“I would like to go back to our house in the north of Gaza, but the men of the family don’t allow me. They say that Israelis will kill us. That the war will go on,” I was told by miss Dawlat Zindan in the UN primary school in Gaza City which is currently hosting around 1000 refugees. More than 22,000 people have taken a refugee in UN compounds in last ten days. Miss Zindan and her family – thirteen children among 23 family members – were forced to leave their home on the third day of the Israeli bombing. They found the leaflet in front of their house warning them to leave immediately.

The Zindan family was forced to run from their home for a third time since 2008.  Children, tired and obviously traumatised, were sticking to each other or hanging onto the dirty wall during my visit. It was stiffly hot in the old classroom full of people.

“These children urgently need psychosocial help. They’re suffering heavily. Most of them wet their pants during the night. They can’t sleep. They’re terrified: they also need fresh milk and drinking water. What we get here is not clean,” said one of their uncles who came to visit just couple of days before the bombing started on the 8th of July.

“As far as I know, our house is still in one piece, but all the animals, our livelihood, were killed. This is what we were told by our neighbours who briefly visited our village in the north. Also our crops were destroyed. We’re farmers. What will we do now? Maybe it will be impossible for us to return due to the Israeli ground invasion. Maybe they will return in Gaza. I’m worried …,” miss Dawlat Zindan continued.

On the football pitch in front of the school little boys played football. Girls were doing the dishes. It was one of the quietest hours of the past two weeks. Some Gazans, inshallah, optimistic as ever, even went out and started rebuilding the houses and properties destroyed in the bombing. Their resilient attitude reminded me on the women of Sarajevo in the early 90′ who walked around the city under Serbian siege with perfect make-up on their faces and in modern clothes. That was their act of resistance.

The children of the al Batch family did not have a chance to resist. They didn’t have enough time. Five of them were killed in a single Israeli strike in the eastern Gazan village of Tuffah the previous Saturday, along with 18 other members of their family. Thirty members of the family members were wounded. Some of them badly. One of them, Zakaria, a badly burned man in his thirties, was encircled by his male relatives in the Shifa hospital. He is still unable to talk. His eyes are eagerly searching for focus. But there is none. His family compound – 4 houses with common garden – were bombed just after the evening’s prayer. With five rockets. The Israeli army claims that it was a legitimate military target, because the head of the family, Taissir al Batch, is also the head of Hamas police department. But he was not killed in the attack. The children and women were. Like everywhere else on the Gaza Strip.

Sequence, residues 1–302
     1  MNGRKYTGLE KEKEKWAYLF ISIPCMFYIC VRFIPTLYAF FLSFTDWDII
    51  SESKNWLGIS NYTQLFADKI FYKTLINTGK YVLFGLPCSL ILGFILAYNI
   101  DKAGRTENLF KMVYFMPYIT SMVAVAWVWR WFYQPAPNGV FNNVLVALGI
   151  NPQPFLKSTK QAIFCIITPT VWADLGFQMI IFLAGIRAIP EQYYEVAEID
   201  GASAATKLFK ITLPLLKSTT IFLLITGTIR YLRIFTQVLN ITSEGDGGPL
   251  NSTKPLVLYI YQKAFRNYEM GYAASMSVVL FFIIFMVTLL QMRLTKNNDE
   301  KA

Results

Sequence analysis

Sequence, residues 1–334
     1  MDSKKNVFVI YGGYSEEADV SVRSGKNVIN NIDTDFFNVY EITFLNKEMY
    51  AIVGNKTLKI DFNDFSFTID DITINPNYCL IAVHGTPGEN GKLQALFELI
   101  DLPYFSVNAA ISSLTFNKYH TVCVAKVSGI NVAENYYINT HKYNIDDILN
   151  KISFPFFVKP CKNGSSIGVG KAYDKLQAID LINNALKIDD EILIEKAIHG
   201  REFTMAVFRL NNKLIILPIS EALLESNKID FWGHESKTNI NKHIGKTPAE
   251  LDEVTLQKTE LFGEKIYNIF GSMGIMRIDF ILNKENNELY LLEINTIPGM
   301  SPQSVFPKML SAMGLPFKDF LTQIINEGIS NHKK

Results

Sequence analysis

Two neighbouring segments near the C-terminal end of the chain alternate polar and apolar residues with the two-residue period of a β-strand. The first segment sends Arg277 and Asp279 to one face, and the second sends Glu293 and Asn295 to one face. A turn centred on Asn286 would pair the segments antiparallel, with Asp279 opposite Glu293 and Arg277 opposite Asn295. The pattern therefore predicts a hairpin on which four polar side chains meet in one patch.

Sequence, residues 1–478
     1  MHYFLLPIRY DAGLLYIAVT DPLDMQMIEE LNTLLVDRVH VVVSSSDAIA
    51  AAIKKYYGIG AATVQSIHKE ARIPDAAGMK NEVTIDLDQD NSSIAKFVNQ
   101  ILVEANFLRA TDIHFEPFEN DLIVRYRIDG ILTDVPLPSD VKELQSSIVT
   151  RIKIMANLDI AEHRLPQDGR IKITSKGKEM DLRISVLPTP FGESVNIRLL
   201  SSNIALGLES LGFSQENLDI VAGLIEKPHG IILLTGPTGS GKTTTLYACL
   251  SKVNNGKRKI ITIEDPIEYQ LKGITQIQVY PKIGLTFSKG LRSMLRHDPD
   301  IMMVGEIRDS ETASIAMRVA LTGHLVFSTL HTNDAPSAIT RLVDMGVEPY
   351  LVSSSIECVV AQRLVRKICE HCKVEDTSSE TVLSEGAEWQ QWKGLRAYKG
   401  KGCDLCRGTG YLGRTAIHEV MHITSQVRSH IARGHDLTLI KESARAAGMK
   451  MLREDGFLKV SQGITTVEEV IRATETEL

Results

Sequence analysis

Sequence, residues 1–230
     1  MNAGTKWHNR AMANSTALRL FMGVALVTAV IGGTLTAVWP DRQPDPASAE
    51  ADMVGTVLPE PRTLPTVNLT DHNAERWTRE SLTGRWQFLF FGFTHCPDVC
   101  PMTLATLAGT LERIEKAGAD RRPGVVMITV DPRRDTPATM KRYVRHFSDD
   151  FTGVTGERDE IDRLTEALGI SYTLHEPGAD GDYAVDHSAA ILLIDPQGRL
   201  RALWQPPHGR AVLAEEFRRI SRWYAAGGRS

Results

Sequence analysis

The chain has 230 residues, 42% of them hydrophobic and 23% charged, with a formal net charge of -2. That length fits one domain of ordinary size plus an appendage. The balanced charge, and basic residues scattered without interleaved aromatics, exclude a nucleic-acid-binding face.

In this déjà vu conflict, children are the biggest and most sensitive victims. The bombs are just killing or breeding traumas and hate. Lots of hate. Where ever and when ever.

“It’s just terrible. Tragedy! Two months ago I was co-ordinating a peace project in Gaza. Children were flying kites with peace slogans on the beach. I have seen the same boys with sticks in their hands pretending to be shooting and screaming ‘You’re a Jew’ on each other. Such a blow! Especially after the killing of four boys who were just playing football … It’s a vicious circle of war and violence,” I was told by Alex, a Kiwi humanitarian worker from World Vision, they left the burning Gaza behind.

 

About the author:

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Boštjan Videmšek is award-winning journalist and a foreign correspondent of biggest Slovenian daily DELO. He’s a contributor to several American and European magazines and author of two books – 21st Century Conflicts: Remnants of War(s) and REVOLT: Arab Spring and European Fall.

Photo: United Nations